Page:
2012 World Championship: Patrick Thoresen, Norway

By Chapin Landvogt


Photo: Norway's Patrick Thoresen, shown here competing at the 2010 Olympics, has been his country's top offensive performer at the 2012 World Championship (courtesy of

Toronto Star/Zuma Press/Icon SMI)

It wasn’t too long ago that forward Patrick Thoresen looked to have been establishing a regular role on a lower line with the Philadelphia Flyers after several seasons in the Edmonton Oiler organization. However, the 5-11, 188-pound forward decided to head to Switzerland for the 2008-09 season where he put up 63 points in 48 games. This then led to two seasons in the KHL with Salavat Yulayev followed by a year with St. Petersburg. In the KHL, he’s managed to score 196 points in 191 games.

This spring he’s an assistant captain with Team Norway, with whom he is spending his seventh straight World Championship. After collecting six points in six games at last year’s tournament, the stocky winger is currently leading the entire tournament in scoring after 7 games with six goals and 10 assists, 10 of which have come in the last two games.

Patrick was all smiles when we got to speak to him after the team’s first point in the tournament was gained in OT against the Czech Republic, when he could fill us in on why Norway has been so successful at this and other recent tournaments.

Hockey’s Future: How’d you feel tonight when you assisted on that big goal that tied the game at 3-3?

Patrick Thoresen: I felt really good. You know, my line was on the ice when the Czech’s scored to make it 3-2, so I had felt like our line had let the team down. So it felt really good to contribute offensively and get us back in this game.

HF: In light of the new modus this year, where you play against all of the teams here in Stockholm, do you see it as an advantage that you’ve now gotten Sweden, Russia and the Czech Republic behind you right off the bat, even having taken a point with you?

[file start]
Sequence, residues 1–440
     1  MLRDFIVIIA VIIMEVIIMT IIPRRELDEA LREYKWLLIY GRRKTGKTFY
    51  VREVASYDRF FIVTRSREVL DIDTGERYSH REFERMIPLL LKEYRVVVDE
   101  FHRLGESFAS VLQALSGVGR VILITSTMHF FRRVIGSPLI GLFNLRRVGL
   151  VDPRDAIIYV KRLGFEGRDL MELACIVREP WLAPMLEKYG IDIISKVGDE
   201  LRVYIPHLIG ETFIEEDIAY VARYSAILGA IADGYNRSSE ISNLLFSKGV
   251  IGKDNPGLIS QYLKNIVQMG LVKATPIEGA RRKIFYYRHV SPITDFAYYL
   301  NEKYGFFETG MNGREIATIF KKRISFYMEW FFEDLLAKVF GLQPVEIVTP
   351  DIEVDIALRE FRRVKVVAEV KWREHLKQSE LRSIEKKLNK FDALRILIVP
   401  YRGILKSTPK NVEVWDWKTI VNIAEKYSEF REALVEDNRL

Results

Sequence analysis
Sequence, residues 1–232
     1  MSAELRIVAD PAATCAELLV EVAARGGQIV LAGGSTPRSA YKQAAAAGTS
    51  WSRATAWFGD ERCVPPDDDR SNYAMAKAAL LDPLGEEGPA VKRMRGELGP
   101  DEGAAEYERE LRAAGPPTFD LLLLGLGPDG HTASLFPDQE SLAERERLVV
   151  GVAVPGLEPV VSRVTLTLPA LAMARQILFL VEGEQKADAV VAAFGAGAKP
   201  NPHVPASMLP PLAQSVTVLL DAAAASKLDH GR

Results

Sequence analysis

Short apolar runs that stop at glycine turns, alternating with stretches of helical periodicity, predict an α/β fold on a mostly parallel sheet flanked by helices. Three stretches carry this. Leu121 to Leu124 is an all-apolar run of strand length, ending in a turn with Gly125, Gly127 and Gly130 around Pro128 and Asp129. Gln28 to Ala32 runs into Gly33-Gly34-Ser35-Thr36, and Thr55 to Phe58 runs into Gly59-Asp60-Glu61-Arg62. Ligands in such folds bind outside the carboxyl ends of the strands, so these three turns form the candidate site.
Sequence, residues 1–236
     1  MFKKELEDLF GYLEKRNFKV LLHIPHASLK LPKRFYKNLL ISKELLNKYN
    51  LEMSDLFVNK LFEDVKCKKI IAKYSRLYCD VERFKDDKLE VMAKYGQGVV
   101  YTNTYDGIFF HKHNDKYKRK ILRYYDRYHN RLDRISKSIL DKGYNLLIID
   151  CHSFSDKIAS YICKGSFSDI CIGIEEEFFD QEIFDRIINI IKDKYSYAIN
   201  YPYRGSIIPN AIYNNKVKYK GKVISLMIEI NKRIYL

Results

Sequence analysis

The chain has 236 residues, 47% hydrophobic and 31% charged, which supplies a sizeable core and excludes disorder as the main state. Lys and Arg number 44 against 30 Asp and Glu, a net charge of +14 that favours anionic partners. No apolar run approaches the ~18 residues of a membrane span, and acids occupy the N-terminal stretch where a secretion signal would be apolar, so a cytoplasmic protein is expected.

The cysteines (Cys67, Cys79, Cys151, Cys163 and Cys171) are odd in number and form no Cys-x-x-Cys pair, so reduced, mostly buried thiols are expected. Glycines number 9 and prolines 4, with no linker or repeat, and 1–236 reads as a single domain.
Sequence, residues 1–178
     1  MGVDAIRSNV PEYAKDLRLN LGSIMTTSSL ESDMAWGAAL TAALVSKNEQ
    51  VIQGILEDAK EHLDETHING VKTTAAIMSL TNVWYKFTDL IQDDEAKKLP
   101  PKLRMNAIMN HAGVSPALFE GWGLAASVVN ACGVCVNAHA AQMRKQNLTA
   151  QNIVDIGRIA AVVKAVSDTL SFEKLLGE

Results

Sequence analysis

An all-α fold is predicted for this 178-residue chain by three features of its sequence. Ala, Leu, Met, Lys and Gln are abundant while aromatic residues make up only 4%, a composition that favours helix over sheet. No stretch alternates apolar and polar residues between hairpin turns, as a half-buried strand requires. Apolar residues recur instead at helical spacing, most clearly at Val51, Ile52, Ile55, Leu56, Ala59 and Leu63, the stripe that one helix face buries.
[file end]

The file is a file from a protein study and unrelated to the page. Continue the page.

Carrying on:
PT: Welp, both yes and no. Yes, because obviously they are the top three teams here. All are former world champions. But yes, I mean… Heck, who are we kidding. Of course I am happy we are finished with them and played so well against all three. We got one point from those three teams and every point you get from them is a big bonus for us.

HF: Is it safe to say you’re very happy with the play of the team and those colleagues of yours in the locker room?

PT: Yes, I think so. Against Sweden, we didn’t look all that good. We didn’t play all that well, but we kept the score low and the goalie kept us in the game. We were even better against the Russians and found ourselves attacking more and ultimately pumping in a few goals. Today I felt we looked pretty much every bit as good as the Czechs.

HF: You sure did. Now last year you guys had an awesome tournament. You’ve started off well here and seem to be getting into the swing of things. How do you explain Norway’s success at the World’s in recent years?

PT: I’d say that four or five years ago, we didn’t have many players playing in top European leagues, but now we do. Not only that, but these players are actually key contributors to their teams. They then bring that into the national team. Now we are 20 guys pulling in the right direction and that’s the big key for us. Before we had a few top players, but now we have 20 guys who are leaders in their teams and then show that here with the national program. Now we also have two very good goalies in Lars Haugen and Lars Volden. They are both young and talented, so a lot has happened in the past three years.

HF: That bodes well for the future. To you personally, you’ve had a few really strong years in Russia. Will you be staying there next season?

PT: Yes I will. I have one more year with St. Petersburg, so I will stay there.

HF: Could North America ever be a topic for you again?

PT: Yes, of course. I will never shut the doors on that possibility. We’ll see how things go next year and then I will view my options. We’ll see what’s out there for me.